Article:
Thursday, November 2, 2006

Three Virgils

Here's a passage from the Aeneid in three translations. The Trojan hero Aeneas is recounting the fall of Troy to Dido, queen of Carthage. In this passage, Aeneas offers an extended (epic) simile to characterize the Greek warrior Pyrrhus (Achilles' son, also known as Neoptolemus). Pyrrhus is soon seen breaking down doors, hunting down the Trojan warrior Politës, and killing the Trojan king Priam at his own altar. (Virgil spares his reader the details of Priam's beheading.) In this simile, Pyrrhus is a figure of sinister phallic force:

Just at the outer doors of the vestibule
Sprang Pyrrhus, all in bronze and glittering,
As a serpent, hidden swollen underground
By a cold winter, writhes into the light,
On vile grass fed, his old skin cast away,
Renewed and glossy, rolling slippery coils,
With lifted underbelly rearing sunward
And triple-tongue aflicker.

Robert Fitzgerald, 1983


Framed by the portal to the entrance court
Pyrrhus stood in his glory, haloed in bronze,

    As a snake raised on poison basks in the

    After a cold winter has kept him

    Venomous and swollen. Now, having

    His old skin, glistening with youth, he puffs

    His breast and slides his lubricious coils
    Toward the sun, flicking his three-forked

Stanley Lombardo, 2005


There at the very edge of the front gates
springs Pyrrhus, son of Achilles, prancing in
aflash in his shimmering brazen sheath like a
buried the whole winter long under frozen turf,
swollen to bursting, fed full on poisonous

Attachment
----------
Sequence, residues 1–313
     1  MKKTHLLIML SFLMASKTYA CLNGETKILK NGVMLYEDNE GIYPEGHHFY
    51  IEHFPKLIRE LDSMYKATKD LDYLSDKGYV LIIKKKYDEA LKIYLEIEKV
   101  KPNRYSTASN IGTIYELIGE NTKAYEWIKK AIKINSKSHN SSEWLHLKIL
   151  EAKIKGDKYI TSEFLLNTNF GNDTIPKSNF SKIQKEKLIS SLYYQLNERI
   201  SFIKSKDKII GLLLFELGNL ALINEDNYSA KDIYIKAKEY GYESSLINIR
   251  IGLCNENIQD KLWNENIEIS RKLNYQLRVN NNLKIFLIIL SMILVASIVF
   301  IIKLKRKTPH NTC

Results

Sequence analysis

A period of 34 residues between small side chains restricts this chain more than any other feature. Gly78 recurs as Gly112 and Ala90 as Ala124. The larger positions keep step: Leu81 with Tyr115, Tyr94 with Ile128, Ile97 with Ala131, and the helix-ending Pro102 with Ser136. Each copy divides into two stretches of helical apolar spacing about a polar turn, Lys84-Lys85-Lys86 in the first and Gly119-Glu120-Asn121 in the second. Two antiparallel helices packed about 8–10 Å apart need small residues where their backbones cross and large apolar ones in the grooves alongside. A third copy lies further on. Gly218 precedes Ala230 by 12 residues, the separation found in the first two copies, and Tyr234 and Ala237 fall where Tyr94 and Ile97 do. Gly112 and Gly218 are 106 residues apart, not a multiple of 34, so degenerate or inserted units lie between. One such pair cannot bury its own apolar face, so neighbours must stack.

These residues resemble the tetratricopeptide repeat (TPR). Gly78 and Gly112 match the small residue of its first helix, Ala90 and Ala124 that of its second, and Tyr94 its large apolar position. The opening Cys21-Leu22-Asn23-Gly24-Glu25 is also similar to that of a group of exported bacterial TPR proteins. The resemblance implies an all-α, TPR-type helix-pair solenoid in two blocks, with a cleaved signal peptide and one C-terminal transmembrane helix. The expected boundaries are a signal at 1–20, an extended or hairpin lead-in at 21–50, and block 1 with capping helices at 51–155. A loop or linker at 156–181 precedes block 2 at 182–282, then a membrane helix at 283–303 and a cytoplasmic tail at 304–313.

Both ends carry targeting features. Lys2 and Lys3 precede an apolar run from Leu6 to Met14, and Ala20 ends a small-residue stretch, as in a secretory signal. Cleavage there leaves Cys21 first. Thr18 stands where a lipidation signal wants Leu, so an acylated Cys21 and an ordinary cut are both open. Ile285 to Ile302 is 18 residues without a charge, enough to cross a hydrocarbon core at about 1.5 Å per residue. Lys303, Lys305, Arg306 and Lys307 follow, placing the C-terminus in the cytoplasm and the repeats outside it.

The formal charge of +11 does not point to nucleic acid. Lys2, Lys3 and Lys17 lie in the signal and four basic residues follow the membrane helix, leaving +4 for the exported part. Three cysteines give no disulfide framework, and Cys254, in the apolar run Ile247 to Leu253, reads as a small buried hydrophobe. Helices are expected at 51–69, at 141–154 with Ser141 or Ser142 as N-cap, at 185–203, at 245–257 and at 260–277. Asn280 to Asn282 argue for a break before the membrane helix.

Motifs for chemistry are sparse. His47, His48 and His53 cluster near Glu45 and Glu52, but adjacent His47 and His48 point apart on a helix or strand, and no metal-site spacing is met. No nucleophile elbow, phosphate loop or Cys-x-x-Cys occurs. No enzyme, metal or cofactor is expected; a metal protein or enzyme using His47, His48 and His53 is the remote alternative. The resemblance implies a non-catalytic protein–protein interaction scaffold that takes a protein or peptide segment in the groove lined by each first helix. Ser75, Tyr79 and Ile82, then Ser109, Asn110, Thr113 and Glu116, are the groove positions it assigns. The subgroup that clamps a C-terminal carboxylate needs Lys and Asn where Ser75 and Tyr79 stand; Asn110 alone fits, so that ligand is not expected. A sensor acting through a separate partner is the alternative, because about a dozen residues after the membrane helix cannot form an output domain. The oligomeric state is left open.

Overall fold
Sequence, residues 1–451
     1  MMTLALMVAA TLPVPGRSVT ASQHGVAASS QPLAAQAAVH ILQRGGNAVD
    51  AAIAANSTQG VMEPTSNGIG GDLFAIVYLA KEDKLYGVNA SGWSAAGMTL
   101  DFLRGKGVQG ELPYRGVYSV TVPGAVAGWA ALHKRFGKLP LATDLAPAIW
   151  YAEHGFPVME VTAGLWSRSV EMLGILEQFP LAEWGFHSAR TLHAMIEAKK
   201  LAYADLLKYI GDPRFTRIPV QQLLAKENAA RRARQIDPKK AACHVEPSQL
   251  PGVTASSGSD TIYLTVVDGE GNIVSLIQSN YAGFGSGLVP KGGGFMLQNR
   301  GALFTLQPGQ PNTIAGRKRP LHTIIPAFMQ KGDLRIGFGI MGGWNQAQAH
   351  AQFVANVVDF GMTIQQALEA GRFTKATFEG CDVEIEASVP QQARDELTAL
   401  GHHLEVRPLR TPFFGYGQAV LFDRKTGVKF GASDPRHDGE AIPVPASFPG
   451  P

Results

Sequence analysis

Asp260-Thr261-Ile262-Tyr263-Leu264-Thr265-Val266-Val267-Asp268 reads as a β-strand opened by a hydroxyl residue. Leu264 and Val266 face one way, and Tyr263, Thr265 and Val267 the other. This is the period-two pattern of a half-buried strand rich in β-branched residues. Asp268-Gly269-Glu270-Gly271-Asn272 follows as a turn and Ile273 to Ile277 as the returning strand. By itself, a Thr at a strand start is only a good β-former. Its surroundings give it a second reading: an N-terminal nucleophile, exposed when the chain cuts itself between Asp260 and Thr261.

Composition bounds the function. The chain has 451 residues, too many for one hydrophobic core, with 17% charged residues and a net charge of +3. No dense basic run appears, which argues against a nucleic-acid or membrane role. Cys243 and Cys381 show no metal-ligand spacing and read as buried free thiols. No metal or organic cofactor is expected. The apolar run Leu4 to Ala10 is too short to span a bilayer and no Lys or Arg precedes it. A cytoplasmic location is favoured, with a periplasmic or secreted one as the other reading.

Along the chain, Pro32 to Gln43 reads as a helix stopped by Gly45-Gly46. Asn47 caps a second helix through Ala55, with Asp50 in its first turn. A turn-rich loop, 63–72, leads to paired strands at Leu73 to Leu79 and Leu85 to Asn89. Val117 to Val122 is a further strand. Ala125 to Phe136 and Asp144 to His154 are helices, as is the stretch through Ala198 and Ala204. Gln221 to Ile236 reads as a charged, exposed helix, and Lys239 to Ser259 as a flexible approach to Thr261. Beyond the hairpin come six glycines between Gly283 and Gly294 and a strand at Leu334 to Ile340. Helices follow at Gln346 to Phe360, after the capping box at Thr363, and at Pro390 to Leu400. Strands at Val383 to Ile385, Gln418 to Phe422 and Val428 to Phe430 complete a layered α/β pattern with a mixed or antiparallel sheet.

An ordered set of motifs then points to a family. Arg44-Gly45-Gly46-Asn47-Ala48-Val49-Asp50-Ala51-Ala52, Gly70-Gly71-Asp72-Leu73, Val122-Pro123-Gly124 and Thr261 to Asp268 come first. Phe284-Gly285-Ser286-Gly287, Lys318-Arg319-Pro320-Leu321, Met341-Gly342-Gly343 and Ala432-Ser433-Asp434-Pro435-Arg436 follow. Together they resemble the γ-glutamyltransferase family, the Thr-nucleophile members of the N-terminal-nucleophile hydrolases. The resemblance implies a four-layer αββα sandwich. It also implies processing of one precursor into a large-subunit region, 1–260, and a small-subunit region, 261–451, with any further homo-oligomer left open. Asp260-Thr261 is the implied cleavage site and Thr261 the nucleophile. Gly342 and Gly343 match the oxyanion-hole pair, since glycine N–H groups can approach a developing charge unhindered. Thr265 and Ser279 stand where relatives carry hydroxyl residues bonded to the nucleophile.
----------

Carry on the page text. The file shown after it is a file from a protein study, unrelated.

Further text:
and now it springs into light, sloughing its old
to glisten sleek in its newfound youth, its back
coiling, its proud chest rearing high to the sun,
its triple tongue flickering through its fangs.

Robert Fagles, 2006
A few details that strike me: Fitzgerald's "sprang" instantly makes Pyrrhus a figure of frightening energy. "Writhes into the light" has an eerie beauty but seems at odds with the sudden movement of "sprang." Lombardo's Pyrrhus is more a warrior who's ready for his close-up, basking in the spotlight and puffing up with pride. "Venomous and swollen" stands out as choice phrasing. (Here, as in his translations of Homer, Lombardo sets off epic similes with italics.) Fagles' translation is striking in its over-the-top alliteration but sometimes bewildering in its diction. "Prancing in arms" seems unintentionally funny (is Pyrrhus camping it up?), and "sheath," which might suggest a sheath dress or, alas, a condom (British slang), seems like a very oddly chosen word.

Reader, which version(s) do you prefer?

Related posts
Aeschylus in three translations
Robert Fagles' Aeneid
Whose Homer?

Variations of Virgil (New York Sun, article with two excerpts from the Fagles translation)

comments: 6

Anonymous said...

Thank you for putting up theses comparisons. I would pick Lombardo over either of the other two because it is far easier to read and less cluttered with what seems like a attempt to be poetic in a kind of 19th century way. I would trust Lombardo's translation to be accurate and in the spirit of the original.

Anonymous said...


Anonymous said...

I like the Lombardo translation also.

Regarding "sheath", I think it would have sounded much more conventional if used as a verb. Something like, "sheathed in a flash of shimmering bronze." Or, "sheathed aflash in shimmering bronze." Or, "sheathed in shimmering brazen flash." ("Aflash" is giving me some trouble here.) ;)

Lyman Phillips said...

I must be getting old. I prefer old Fitz. I find his leaning towards an older, fussier style more epic and heroic.

I'll probably read it in both Fagles' and Fitzgerald's translation this Winter, just for fun.


Robert Fagles, 1933-2008

Michael Leddy said...

Thanks, Lesle. I added a link to the Ruth Stevens obituary to the Fagles post I just made.